I’ve got a simple question for you: Who are you?
Look, this is not a job interview or any type of interview.
I’m not looking for a politically correct answer. “I’m a person who’s serious about his career. I like to spend time with my family and friends.” That’s true for every single person who is determined enough to have a job.
No, I’m talking about who you truly are — deep down.
Because let’s face it, you and I both know that we all have two personalities, who live two different lives.
It seems like all my peers have this idea that being young is an excuse for not living a satisfying life.
But millennials are not the only group of people who hide behind excuses. We all do.
I get it. Taking on responsibilities in life is scary. It’s way cooler to have toast with avocado.
But you know what’s also cool?
- Building a meaningful career that you’re proud of.
- Contributing to other people’s lives.
- Creating a product or service that is useful.
- Investing your money for your retirement.
Have you ever made a decision that seemed illogical looking back? We’re all highly illogical beings even though we think the opposite!
Every person creates their own social reality. The way you view the world is completely subjective because we all have cognitive biases.
The concept of cognitive biases was introduced in 1972 by two psychologists, Amos Tversky and Daniel Kahneman. A cognitive bias is a systematic thinking error that impacts judgments, and therefore, our decisions.
As of this writing, there are 106 decision-making related cognitive biases known! We all make these errors. So there’s no point in trying to become a perfect thinker. It’s impossible.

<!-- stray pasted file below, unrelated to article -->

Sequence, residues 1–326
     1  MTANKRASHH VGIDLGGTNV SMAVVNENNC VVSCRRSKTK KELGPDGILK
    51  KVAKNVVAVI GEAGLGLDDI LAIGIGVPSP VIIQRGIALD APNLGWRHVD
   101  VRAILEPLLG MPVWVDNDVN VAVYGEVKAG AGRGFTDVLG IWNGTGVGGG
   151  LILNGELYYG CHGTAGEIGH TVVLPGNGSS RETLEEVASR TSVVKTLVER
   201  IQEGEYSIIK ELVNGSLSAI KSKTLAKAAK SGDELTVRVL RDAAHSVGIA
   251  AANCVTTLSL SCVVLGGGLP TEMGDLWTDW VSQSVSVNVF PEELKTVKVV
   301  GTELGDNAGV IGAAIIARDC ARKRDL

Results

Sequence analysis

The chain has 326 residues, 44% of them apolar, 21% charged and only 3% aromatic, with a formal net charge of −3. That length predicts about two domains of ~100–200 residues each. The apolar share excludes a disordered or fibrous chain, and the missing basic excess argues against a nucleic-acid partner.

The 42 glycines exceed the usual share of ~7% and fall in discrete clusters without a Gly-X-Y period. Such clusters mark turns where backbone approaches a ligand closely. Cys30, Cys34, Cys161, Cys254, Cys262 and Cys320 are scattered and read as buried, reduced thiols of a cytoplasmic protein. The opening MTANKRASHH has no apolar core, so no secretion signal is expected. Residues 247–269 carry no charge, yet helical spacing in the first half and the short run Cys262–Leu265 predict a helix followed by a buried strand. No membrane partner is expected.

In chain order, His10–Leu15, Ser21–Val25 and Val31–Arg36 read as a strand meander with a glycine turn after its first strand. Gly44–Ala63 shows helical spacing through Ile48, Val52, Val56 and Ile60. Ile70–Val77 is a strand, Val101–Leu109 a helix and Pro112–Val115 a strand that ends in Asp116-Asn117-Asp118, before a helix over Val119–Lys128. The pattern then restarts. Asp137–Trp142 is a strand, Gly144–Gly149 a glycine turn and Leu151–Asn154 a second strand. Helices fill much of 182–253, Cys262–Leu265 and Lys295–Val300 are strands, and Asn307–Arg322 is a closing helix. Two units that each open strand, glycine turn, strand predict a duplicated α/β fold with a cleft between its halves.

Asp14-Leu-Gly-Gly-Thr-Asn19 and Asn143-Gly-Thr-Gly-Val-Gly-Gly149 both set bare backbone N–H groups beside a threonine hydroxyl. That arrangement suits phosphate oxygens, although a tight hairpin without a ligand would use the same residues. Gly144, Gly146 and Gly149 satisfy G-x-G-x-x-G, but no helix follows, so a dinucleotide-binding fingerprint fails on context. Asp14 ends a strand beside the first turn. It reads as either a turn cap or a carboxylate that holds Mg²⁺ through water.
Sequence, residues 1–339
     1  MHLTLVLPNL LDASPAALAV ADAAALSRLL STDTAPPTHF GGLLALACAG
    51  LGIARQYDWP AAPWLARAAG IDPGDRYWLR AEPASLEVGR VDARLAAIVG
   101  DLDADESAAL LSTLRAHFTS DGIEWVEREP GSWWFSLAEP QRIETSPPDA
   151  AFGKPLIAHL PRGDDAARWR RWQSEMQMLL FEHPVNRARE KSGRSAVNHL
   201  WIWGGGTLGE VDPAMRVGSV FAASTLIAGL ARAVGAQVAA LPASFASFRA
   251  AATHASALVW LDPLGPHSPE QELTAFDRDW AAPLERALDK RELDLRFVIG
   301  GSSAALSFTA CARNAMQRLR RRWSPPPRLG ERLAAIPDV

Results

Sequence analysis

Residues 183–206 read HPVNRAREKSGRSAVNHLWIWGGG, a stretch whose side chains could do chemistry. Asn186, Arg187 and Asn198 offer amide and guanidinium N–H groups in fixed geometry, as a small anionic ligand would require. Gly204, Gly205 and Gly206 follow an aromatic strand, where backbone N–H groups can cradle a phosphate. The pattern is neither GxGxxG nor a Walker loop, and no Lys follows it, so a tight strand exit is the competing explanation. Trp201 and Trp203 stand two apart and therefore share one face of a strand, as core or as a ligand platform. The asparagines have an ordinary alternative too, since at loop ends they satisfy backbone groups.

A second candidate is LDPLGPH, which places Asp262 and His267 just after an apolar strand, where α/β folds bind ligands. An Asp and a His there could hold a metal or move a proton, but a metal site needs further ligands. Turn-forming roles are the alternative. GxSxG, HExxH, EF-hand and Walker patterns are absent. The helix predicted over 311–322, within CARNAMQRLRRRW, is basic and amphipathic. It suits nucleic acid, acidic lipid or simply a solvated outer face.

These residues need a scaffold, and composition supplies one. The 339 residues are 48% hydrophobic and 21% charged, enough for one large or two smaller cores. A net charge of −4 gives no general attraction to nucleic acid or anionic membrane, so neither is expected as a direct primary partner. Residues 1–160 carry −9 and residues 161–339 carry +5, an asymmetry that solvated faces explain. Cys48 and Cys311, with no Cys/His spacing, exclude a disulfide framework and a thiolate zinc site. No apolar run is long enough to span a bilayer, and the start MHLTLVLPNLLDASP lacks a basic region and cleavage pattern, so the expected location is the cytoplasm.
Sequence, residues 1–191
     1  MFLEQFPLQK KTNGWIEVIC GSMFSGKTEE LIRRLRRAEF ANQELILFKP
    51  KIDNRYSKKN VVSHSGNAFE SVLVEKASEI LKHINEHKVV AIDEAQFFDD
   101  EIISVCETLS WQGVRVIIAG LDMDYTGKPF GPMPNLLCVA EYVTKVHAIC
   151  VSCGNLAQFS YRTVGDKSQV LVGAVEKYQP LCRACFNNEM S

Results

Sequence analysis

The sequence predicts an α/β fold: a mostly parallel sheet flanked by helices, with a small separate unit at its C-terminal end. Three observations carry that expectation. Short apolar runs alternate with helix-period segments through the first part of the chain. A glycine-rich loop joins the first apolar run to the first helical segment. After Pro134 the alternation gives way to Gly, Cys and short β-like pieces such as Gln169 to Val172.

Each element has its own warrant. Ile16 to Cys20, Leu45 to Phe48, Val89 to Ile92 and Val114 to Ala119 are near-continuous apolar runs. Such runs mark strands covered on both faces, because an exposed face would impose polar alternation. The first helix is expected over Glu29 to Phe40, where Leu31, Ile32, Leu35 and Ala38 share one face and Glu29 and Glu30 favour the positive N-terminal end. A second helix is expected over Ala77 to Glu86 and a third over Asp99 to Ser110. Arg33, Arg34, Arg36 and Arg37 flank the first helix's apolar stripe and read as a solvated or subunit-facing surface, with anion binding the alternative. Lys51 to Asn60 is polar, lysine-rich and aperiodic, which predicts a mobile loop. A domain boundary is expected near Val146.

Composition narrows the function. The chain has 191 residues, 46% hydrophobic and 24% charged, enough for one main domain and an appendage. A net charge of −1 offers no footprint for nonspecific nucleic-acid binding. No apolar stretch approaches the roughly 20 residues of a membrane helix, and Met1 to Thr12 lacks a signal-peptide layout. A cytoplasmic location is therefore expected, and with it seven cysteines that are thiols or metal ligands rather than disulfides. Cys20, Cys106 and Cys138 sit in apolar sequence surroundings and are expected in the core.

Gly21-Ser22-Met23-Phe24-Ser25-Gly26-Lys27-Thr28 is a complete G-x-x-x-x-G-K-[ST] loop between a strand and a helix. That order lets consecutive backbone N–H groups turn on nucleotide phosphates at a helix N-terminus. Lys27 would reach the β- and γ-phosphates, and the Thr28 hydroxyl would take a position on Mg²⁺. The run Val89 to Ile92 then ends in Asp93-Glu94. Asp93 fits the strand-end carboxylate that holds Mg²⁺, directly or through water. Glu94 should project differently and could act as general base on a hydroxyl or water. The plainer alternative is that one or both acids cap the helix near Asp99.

However, with practice, you can avoid some thinking mistakes that many of us make. And by avoiding these errors, we can improve our decisions, and consequently: Our lives and careers.
What follows is a list of three thinking errors. The question is: Do you make these errors? If so, I’ll also share a fix.
I love to learn. And reading is my favorite way to learn. But sometimes I get tired from reading. Do you know that feeling?
I try to read two books per week. But when I’m working on a lot of things, and have an irregular schedule, like the past three months, I tend to read less.
But no matter what’s going on in my life, I must read at least one book a week. Why? Reading is simply my favorite time of the day. Reading gives me energy and new ideas. That’s why I do it.
But for the last three months, I’ve been working on a lot of things. We opened a new office, and I spent a lot of time with my hands tied: Moving, decorating, putting together new desks, painting walls, building a garage-gym in our warehouse, you name it.
“How do I build an audience? Should I try guest posting or focus on building a community on my own site?”
I asked myself those questions when I started blogging. I’ve learned that there are three types of options when it comes to building an audience:
- Post your articles on every platform that allows publishing (LinkedIn, Medium, Facebook, Tumblr). Some argue that it will increase your traffic.
- Only post your articles on your own site, and drive visitors exclusively to that site. Some argue it’s better for SEO traffic.
- Find a balance between the two above strategies (which is what I do, but more on that later).
You can be successful with all strategies. Some successful writers publish everywhere and syndicate their articles to a bunch of outlets (James Altucher). But other bloggers only stick to their own site (Mark Manson).